A note from the FNO newsletter editor...
Hello FNO Bands and Performers,
it finally happened! FNO got a face lift. Thanks to all our
beta testers who gave the new site a spin before it went live last
week. If you haven't seen it, please be sure to visit FNO!
Suzanne Glass of Indie-Music.com wrote
this month's article about the end of the album and transitioning into
the digital era in regards to music sales.
If you want to be featured in a future newsletter, send me your info. Sorry, no featured artist this month.
Have a great weekend!
Festival Network Online
|« Newsletters Archive - To view previous newsletters, check out our archives! We
publish 3 newsletters each month! Art/Craft, Food/Commercial,
|The End of the Album? by Suzanne Glass
are albums going the way of the dinosaur? Digital music delivery makes
it very easy for music fans to pick and choose among the songs they
want to buy - and many of them pack their iPods with single songs, not
albums. In 2005, album sales were down 7.2 percent, while sales of
digital singles boomed - growing 150 percent, according to Nielsen
SoundScan. Just 3 years ago, albums sales accounted for over 90 percent
of all U.S. music sales. Last year, albums had sunk to 62 percent,
while digital singles had grown to 35 percent of music sales. Not since
the 1950's and 60's has the marketplace been driven by the single song
to this degree.
How will this trend effect the music business and the artist?
There's no doubt artists prefer recording and selling their music as
albums. Not only does it make financial sense, it makes artistic sense:
the artist can record 10 or more songs at one time, and draw on current
events or themes to create a discrete record of his/her creativity in
the current time frame. Artists can spend a few months writing new
songs, followed by a few months in the recording studio producing an
album, followed by a few months on tour promoting the album. It all
works artistically because each of those duties requires a unique focus
- it might not work so well if the artist is asked to write, record,
and tour all at the same time throughout the year.
Record labels naturally prefer albums because they pay better than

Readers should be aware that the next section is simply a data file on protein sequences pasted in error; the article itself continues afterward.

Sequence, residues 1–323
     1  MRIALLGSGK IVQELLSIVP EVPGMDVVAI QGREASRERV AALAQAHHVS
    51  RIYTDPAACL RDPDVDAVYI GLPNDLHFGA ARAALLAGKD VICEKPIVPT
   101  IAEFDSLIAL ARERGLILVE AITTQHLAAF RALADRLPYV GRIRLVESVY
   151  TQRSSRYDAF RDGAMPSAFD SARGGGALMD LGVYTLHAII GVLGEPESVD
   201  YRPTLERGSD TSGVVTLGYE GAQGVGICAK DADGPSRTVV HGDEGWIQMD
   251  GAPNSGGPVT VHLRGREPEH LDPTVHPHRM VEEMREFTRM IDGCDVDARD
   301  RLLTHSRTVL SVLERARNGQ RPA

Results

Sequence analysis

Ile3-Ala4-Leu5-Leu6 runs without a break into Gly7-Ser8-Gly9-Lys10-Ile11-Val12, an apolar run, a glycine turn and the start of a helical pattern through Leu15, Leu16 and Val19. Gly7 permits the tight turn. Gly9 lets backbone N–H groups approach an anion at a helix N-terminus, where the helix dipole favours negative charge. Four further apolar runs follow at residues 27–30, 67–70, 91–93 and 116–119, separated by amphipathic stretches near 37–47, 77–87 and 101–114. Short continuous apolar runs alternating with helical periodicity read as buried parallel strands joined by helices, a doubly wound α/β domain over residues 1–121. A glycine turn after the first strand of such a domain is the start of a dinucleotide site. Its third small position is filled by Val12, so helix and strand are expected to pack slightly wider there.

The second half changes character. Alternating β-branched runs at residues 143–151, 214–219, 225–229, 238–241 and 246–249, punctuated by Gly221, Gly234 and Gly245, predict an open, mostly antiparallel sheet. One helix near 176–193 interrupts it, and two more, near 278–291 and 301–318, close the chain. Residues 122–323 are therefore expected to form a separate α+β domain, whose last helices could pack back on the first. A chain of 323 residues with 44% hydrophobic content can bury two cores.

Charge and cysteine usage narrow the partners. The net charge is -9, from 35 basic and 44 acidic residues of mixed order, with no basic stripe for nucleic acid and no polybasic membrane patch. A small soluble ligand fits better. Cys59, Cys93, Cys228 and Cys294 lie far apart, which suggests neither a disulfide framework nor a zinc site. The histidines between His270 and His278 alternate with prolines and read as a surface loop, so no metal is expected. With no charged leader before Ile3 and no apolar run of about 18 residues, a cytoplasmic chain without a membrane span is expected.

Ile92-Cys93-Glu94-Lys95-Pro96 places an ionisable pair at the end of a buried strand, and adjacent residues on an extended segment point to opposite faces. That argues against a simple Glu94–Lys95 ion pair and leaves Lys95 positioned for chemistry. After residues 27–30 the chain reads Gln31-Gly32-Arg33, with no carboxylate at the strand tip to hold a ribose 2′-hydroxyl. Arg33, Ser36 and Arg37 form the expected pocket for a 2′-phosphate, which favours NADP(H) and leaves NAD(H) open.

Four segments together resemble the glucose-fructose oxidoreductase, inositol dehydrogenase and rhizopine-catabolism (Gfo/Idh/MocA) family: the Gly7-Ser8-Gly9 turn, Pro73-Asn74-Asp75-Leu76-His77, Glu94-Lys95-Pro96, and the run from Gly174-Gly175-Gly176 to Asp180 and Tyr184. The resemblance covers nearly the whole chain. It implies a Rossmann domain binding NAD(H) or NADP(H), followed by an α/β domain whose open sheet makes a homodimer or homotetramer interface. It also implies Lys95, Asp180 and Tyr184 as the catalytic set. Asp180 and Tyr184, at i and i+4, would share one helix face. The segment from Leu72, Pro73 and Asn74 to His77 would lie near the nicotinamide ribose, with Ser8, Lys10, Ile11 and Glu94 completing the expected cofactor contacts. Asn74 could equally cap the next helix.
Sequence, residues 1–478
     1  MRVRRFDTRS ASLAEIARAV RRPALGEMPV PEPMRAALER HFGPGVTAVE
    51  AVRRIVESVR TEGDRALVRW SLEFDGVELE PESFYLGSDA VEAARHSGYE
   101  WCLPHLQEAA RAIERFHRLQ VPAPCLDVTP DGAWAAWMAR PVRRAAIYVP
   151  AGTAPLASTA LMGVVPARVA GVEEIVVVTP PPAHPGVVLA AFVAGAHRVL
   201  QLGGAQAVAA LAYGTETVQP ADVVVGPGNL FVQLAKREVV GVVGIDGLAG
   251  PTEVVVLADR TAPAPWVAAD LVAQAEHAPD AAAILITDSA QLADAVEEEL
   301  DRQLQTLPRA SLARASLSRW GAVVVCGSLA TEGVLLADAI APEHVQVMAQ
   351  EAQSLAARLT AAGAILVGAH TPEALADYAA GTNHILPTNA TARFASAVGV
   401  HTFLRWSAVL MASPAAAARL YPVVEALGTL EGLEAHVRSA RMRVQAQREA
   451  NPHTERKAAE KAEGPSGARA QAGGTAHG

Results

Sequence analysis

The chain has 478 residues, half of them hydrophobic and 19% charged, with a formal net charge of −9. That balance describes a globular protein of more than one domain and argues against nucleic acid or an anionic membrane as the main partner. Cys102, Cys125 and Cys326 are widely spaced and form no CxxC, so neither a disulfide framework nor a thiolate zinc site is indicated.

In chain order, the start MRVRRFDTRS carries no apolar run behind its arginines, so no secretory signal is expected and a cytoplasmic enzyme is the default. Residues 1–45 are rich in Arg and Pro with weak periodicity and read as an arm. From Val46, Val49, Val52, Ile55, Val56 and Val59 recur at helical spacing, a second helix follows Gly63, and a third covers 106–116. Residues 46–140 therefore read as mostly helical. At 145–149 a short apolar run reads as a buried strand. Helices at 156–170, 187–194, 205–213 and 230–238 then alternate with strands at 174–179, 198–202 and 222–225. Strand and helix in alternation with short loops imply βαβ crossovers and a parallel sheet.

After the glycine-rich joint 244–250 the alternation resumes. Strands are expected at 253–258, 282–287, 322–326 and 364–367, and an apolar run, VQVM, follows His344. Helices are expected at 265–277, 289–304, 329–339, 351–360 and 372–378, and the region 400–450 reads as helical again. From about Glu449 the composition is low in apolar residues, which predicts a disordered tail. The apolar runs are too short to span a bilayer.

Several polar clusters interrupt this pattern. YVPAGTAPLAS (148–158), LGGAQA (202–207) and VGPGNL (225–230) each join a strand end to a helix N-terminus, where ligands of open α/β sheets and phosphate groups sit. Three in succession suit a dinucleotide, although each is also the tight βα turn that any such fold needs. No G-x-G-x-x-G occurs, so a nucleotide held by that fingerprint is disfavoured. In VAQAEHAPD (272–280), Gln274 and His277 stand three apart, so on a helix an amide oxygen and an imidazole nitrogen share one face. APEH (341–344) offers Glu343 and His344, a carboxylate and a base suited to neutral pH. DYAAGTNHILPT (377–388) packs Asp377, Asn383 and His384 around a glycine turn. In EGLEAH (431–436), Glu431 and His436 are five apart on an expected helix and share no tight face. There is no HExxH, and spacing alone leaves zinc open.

singles. If an album only contains 1 or 2 hit songs, fans might decide
to pass on the $15.00 album and buy only the 2 singles instead, for
$1.98. Considering some 85 percent of all major label releases already
lose money, it does not inspire confidence that their album releases
will be consistently strong enough to rival the singles' sales. And
that means an overall drop in revenue for labels (as well as artists,
whose royalties will be reduced accordingly).
So if both labels and artists hate the singles market, what is driving its current success? Music fans!
Fans now listen to more music on iPods, computers, and other digital
devices, and to less music on CD players and traditional radio. Online
stores like iTunes and services like Rhapsody open up a completely new
way to consume music. If I only like one song, or three songs, on an
album, I can easily purchase just those songs and download them on my
player. Even if I buy a whole digital album (usually at a lower price
than the same album on CD), I can easily rearrange the sequence of
songs, or mix up songs from different artists or albums, creating the
ultimate personal playlist with all my favorites - and no album
Consumers acquiring music like the new choices they are being presented
with, and ultimately, the laws of supply and demand will probably
dictate the outcome of the album vs. singles battle. For now, it looks
like singles are winning, and there's no clear path for albums to
regain their former dominance.
For musicians, an album-free marketplace will require major adjustments
in both artistry and attitude. It's a good idea for artists to pay
attention to the trends, and challenge themselves to produce and
release music in units fans will actually buy. Clearly, in the near
future, this will mean releasing singles, smaller collections of songs,
or albums which are consistently strong enough to entice the buyer to
purchase the full-length version.
Suzanne Glass is Founder, President, Editor, Marketing & Sales of http://www.indie-music.com
|Featured FNO Musician - No Feature this month, sorry!
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